Fannie Mae Reduces Waiting Period for Pre Foreclosure Events

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Recently Fannie Mae has come out with guidance that makes the waiting period for people who agree to a deed-in-lieu of foreclosure from four years to two years before they can get a mortgage from Fannie Mae.

Fannie Mae is trying to encourage people to agree to deeds in lieu of foreclosure — not to give those they actually have to foreclose on a break.

The announcement also clarifies that Fannie Mae considers the terms “short sale” and a “preforeclosure sale” to be synonymous. The existing policy has been that you could be eligible for a loan again within two years after a preforeclosure sale. There was no official policy for a “short sale.” Now, they are saying the two years applies to short sales, too. NO CHANGE.

If you cannot pull off a short sale or agree to a deed-in-lieu, Fannie Mae will still require FIVE YEARS for borrowers who lose their homes through foreclosure to re-establish credit.

Borrowers may qualify in as soon as three years if they can document extenuating circumstances, such as the loss of a job, illness or divorce.

The minimum wait for borrowers who have filed for bankruptcy remains two to four years, depending on the type of bankruptcy filing and the borrower’s success in repaying their creditors.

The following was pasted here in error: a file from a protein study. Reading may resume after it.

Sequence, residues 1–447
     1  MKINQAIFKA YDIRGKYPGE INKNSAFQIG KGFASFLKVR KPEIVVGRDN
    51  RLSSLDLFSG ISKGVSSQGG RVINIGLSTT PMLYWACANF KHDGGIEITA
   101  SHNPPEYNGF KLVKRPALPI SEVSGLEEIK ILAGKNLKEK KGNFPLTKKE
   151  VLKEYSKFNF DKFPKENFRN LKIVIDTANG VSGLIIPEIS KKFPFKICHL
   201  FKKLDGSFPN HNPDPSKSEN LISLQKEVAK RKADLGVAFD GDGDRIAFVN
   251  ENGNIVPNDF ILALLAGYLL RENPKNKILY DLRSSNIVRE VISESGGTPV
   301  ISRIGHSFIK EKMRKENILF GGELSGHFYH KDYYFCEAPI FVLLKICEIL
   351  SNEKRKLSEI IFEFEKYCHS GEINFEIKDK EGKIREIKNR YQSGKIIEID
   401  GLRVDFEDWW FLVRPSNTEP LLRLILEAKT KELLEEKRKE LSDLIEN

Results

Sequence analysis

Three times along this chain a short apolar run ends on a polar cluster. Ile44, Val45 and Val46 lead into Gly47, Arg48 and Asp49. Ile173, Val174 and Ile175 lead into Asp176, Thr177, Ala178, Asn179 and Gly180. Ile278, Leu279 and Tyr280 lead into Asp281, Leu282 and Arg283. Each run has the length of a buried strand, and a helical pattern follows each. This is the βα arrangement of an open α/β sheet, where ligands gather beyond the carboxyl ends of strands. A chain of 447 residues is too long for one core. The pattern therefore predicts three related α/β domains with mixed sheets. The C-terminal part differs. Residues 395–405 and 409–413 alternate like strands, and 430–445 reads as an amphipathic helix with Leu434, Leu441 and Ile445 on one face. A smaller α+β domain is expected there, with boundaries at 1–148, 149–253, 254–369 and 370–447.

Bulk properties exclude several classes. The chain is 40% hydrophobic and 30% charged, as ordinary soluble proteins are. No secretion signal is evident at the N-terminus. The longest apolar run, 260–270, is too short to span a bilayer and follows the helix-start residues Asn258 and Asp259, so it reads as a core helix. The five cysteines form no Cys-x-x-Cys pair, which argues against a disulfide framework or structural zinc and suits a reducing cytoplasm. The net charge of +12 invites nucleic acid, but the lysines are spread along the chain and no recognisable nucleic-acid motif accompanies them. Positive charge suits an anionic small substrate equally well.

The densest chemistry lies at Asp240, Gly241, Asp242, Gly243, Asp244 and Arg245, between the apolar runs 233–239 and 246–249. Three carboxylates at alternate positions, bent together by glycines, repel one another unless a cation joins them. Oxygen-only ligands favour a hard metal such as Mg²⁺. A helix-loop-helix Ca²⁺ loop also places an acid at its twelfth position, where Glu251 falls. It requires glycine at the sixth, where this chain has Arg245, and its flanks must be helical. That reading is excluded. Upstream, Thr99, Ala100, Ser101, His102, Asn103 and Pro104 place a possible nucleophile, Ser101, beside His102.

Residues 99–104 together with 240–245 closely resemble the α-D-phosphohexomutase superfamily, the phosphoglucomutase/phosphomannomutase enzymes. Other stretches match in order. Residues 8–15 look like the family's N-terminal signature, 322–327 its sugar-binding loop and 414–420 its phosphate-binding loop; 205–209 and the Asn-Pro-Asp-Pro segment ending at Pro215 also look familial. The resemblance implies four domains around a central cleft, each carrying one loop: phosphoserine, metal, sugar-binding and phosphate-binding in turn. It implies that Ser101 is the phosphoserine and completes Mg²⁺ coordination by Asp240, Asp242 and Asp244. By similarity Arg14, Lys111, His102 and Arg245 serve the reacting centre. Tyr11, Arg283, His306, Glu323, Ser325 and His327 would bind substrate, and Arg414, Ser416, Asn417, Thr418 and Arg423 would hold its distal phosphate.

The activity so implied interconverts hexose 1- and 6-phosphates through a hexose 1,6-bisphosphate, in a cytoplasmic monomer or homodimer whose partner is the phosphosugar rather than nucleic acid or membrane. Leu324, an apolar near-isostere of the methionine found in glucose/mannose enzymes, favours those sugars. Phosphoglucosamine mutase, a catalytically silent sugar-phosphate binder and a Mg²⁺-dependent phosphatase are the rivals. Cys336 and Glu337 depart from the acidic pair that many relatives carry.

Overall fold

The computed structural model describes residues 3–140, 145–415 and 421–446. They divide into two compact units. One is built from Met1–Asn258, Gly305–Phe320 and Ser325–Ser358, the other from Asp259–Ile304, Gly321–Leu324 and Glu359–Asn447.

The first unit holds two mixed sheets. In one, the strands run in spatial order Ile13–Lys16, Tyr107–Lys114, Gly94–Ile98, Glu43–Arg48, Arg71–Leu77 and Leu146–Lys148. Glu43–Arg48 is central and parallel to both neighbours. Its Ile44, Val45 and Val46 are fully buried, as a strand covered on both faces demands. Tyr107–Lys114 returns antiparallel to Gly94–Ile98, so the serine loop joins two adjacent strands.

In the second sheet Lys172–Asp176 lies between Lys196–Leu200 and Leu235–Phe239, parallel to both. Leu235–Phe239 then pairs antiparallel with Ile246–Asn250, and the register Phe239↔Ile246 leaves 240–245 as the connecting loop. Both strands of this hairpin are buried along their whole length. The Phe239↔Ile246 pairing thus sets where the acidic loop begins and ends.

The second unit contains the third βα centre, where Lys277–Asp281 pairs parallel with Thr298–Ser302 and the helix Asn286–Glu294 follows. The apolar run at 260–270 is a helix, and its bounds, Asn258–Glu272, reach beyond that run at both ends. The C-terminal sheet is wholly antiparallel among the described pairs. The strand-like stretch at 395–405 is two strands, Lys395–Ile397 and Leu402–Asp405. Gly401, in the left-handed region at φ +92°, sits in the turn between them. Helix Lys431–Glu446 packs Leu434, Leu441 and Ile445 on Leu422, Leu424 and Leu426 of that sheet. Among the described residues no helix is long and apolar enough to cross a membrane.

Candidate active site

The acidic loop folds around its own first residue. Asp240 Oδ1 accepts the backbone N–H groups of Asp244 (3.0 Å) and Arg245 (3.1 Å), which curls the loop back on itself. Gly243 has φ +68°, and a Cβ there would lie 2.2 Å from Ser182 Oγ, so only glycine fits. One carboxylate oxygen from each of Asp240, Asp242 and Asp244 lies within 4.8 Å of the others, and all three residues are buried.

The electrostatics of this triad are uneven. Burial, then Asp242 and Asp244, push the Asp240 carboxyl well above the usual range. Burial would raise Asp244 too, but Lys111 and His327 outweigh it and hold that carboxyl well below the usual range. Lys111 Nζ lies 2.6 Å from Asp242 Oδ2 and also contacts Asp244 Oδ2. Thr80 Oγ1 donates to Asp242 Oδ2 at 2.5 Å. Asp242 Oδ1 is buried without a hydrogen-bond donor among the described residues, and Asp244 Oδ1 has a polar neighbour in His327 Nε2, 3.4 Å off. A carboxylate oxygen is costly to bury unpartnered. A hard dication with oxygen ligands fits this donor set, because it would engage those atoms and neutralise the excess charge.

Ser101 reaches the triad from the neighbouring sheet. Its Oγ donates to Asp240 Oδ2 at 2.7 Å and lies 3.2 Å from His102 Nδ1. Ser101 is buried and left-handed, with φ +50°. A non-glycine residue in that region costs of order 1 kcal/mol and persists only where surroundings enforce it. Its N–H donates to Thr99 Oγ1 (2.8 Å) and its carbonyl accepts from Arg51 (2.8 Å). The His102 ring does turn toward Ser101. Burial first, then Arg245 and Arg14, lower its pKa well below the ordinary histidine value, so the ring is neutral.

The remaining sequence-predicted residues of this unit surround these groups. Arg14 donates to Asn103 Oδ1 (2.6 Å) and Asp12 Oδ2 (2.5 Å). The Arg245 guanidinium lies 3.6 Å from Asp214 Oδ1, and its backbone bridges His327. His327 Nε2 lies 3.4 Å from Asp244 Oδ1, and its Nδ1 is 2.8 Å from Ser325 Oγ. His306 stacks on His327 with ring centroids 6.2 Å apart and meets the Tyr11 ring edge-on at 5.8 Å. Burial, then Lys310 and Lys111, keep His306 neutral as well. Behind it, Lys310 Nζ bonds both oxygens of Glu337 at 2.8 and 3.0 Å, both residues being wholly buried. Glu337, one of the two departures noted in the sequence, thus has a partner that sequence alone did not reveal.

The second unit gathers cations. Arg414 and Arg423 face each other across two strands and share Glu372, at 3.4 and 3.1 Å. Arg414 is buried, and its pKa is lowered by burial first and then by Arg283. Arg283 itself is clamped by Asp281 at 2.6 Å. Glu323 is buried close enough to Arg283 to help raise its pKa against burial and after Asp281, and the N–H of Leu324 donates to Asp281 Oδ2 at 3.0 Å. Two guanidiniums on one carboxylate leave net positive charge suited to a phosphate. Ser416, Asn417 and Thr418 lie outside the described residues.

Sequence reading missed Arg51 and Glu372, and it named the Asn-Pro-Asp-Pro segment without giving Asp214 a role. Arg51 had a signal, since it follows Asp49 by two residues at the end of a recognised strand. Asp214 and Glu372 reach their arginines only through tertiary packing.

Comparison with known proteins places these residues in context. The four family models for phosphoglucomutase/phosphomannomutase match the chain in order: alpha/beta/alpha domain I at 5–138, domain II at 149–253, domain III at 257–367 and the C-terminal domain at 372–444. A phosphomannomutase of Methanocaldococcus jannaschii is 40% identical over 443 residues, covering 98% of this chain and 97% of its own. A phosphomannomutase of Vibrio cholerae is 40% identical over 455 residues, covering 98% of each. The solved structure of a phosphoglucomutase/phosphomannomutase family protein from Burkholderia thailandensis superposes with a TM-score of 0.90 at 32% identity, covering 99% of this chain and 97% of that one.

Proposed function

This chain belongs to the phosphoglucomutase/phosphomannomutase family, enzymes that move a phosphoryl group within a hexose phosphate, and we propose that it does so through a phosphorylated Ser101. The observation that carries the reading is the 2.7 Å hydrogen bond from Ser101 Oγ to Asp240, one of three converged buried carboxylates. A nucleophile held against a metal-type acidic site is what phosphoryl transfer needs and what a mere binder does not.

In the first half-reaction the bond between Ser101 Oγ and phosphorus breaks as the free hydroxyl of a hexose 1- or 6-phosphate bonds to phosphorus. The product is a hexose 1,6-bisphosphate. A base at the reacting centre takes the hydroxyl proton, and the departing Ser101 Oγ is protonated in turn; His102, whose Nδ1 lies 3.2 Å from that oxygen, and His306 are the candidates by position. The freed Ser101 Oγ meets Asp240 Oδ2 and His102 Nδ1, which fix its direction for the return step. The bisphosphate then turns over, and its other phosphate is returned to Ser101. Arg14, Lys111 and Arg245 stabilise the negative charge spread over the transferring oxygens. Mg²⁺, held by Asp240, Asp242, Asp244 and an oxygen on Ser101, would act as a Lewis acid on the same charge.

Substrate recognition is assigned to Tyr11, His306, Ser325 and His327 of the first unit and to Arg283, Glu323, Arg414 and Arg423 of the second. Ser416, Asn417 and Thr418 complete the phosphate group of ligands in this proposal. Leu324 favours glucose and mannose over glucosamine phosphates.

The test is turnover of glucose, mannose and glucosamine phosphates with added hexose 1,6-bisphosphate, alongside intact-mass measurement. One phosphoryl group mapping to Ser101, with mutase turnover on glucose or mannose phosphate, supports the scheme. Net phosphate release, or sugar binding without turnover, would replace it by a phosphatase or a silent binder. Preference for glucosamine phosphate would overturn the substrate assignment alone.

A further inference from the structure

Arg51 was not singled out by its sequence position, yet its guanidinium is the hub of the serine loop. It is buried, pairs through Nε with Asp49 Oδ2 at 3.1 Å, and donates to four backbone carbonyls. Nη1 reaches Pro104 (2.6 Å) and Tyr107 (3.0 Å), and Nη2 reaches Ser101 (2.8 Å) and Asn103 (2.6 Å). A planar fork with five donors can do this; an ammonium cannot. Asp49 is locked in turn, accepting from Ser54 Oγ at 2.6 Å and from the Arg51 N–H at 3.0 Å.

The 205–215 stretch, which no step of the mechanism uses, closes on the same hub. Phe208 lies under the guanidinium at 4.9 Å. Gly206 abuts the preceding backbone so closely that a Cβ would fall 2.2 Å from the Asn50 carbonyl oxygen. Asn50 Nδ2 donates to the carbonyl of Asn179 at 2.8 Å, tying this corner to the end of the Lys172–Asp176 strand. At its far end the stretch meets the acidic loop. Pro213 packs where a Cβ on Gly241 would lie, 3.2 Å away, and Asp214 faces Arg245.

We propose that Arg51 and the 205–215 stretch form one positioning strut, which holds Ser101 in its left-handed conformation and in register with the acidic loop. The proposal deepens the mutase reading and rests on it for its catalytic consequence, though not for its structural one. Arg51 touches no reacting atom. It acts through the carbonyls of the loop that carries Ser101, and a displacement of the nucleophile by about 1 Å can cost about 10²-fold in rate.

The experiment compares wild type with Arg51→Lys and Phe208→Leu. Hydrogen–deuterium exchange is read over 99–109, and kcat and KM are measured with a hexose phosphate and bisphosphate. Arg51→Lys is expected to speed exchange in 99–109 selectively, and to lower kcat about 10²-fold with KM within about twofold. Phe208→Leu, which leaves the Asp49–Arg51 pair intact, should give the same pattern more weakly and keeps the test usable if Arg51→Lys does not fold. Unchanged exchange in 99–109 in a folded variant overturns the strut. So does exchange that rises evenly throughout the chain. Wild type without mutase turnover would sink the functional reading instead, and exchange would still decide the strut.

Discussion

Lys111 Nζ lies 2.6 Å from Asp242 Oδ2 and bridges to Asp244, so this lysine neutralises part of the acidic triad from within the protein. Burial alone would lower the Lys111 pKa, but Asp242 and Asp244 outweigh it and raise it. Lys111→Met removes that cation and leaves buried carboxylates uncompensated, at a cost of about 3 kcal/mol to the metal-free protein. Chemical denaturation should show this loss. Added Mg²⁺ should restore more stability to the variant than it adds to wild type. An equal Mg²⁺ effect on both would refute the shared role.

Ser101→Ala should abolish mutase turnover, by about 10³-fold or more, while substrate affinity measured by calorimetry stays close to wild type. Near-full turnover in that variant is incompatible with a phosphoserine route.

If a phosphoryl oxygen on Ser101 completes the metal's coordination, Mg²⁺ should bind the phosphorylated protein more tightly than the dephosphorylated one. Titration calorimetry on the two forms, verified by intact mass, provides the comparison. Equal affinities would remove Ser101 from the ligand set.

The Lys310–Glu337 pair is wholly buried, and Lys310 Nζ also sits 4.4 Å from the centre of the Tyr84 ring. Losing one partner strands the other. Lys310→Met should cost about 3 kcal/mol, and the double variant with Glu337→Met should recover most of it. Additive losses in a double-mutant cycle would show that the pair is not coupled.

You can learn more about this announcement by seeing the Fannie Mae announcement here.

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1 Comment

  1. I agree this is just the beginning. There is a large percentage of the US population who have been foreclosed upon, who are otherwise capable of improving their credit and owning a home again.

    I work for a company that represents REIC Global, which just had an article on BiggerPockets, this week, discussing when a lease option makes sense for those who are looking to buy a home again. Like the Fannie Mae program, a person can own a home in two years, but this way you can move into the home now, rent it for two years, and then buy it at the end. If you’ll be renting a house anyway, may as well be one you can stay in. You can read the full BiggerPockets article.

    Banks cheated a lot of honest homeowners a few years ago, which led to this crisis, so I’m glad the banks are showing some degree of compromise.

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